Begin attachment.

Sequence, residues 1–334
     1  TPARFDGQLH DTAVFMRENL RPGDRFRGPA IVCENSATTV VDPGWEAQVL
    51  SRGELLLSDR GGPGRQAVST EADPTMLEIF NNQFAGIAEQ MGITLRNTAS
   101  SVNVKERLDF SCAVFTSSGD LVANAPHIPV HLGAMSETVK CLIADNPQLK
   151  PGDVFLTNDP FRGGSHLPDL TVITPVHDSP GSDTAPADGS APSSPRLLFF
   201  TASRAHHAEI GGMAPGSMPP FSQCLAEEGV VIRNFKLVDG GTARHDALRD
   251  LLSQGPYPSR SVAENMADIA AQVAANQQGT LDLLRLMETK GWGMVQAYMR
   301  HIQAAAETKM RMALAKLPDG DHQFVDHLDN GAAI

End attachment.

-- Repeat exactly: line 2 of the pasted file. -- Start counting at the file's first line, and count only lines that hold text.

     1  TPARFDGQLH DTAVFMRENL RPGDRFRGPA IVCENSATTV VDPGWEAQVL